In the early months there were many grog shops and much drunkenness and petty thievery. Lieutenant Governor Stirling’s response was to appoint unpaid magistrates and constables. On 9 December James Henty and George Leake were appointed Justices of the Peace for Fremantle. At the same time Richard Lewis was appointed Chief Constable with Robert Maydwell and Thomas Wall as Constables. On 30 August the following year Thomas Bannister was appointed the first Government Resident in Fremantle, charged with the superintendence of the general interest and welfare of the townspeople. Errington, 2017.

The first dedicated police stations and barracks (in association with water police) were in existence from the early 1850s, and may be seen in many photos taken from Arthur Head looking up High St, as they were the first buildings to be seen.

The three one-storey buildings in the foreground of this photo, both right and left, were occupied by police and water police. See the police buildings page for more details.

The second police station was in the c. 1898 complex in Henderson St, still standing, but privatised in 2016. The police moved here from High Street in 1916 (Conole 2006).

The police are currently (2023) operating out of the former National Australia Bank building at 88 High St. It goes right through to Leake Street, so police cars can also park there and officers go in by the rear entrance.

Proposed Police Complex in South Terrace

The first building on the South Terrace site was the Barracks, built about 1853 for the accommodation of the Enrolled Pensioner guards who arrived with the convicts. All that remains of that construction is the wall along the footpath. As John Dowson sets it out in his booklet on the Synagogue, the building was used in 1886 by the Immigration Department, an Old Mens Home, 1901-12, the No. 8 General (Base) Hospital 1914-24, then for Immigrants again, before its demolition in 1950, after which the Stan Reilly aged accommodation centre was built. That was demolished in expectation of the police station being built, but was used as a carpark while the powers-that-be got around to it (while the police had to make do with a former bank building in High Street). In 2023, some idea of the new building has finally been released.

References and Links

Peter Conole was the WA police historian. See his books and papers below.

Bentley, Mollie 1993, Grandfather was a Policeman: The Western Australian Police Force 1829-1889, Hesperian, Carlisle.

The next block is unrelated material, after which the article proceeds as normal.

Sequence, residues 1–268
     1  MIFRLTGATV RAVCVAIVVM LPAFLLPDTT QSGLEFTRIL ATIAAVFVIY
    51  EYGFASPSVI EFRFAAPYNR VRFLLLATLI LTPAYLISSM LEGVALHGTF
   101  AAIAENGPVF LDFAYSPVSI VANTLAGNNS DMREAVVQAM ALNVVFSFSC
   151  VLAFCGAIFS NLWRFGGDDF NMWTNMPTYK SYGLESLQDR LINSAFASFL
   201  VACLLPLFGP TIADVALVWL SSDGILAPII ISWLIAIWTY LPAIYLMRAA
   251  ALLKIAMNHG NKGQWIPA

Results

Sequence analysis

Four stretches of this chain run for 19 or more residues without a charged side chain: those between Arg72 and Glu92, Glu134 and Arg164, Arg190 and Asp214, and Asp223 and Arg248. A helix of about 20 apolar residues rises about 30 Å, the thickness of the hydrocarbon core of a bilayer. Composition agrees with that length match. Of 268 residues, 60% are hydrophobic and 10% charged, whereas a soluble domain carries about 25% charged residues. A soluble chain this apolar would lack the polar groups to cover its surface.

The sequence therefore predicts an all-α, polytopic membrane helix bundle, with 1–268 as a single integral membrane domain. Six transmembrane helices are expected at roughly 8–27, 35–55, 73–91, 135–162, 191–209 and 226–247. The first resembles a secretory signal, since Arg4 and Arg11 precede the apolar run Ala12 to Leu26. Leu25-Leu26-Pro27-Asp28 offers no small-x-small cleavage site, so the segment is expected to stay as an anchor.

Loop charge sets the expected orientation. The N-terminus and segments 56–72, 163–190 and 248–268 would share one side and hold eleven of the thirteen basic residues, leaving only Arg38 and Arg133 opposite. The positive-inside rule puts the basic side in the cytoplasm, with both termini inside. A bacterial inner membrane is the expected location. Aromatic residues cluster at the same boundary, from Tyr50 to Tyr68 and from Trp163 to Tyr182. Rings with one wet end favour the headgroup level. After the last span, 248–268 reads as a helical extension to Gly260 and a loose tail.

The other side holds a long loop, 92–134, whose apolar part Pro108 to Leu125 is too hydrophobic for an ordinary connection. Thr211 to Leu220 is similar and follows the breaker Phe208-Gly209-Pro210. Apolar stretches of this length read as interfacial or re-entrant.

Conole, Peter 2002, Protect and Serve: A History of Policing in Western Australia, WA Police Historical Society, Scarborough.

Conole, Peter 2006, 'Fremantle 1919: A Slice of Policing Life'Western Australia Police Historical Society.

Conole, Peter 2010, 'Policing the port in early colonial times', Fremantle Studies, 6: 12-28.

Conole, Peter 2016, Irish Lives in the Western Australian Police, Western Australia Gaelforce Promotions, Kingsley.

Steve Errington 2017, 'Fremantle 1829-1832: an illustrated history'Fremantle Studies, 9: 15-29.

Ewers, John K. 1971, The Western Gateway: A History of Fremantle, Fremantle City Council, with UWAP, rev. ed. [1st ed. 1948].

Hitchcock, J.K. 1919, 'Early Days of Fremantle: High Street 50 Years Ago', Fremantle Times, one of a series of articles on 'Early Days of Fremantle' publ. 21 March - 20 June 1919.

Neville, Simon J. 2007, Perth and Fremantle: Past and Present, privately published, WA.

Oldman, Diane, three websites: Royal Sappers and Miners in Western Australia, Crimean War Veterans in Western Australia, and Redcoat Settlers in Western Australia 1826-1869.

Pashley A.R. (Don) 2000, Policing Our State: A History of Police Stations and Police Officers in WA, 1829-1945, Educant, Cloverdale.

Wikipedia page for the Henderson Street Fremantle Police Station complex.

Heritage Council page for the Henderson Street Fremantle Police Station complex (but the link is broken).


This page incorporates material from Garry Gillard's Freotopia website, that he started in 2014 and the contents of which he donated to Wikimedia Australia in 2024. The content was originally created on 10 October, 2017 and hosted at (it was last updated on 26 July, 2023). The donated data is also preserved in the Internet Archive's collection.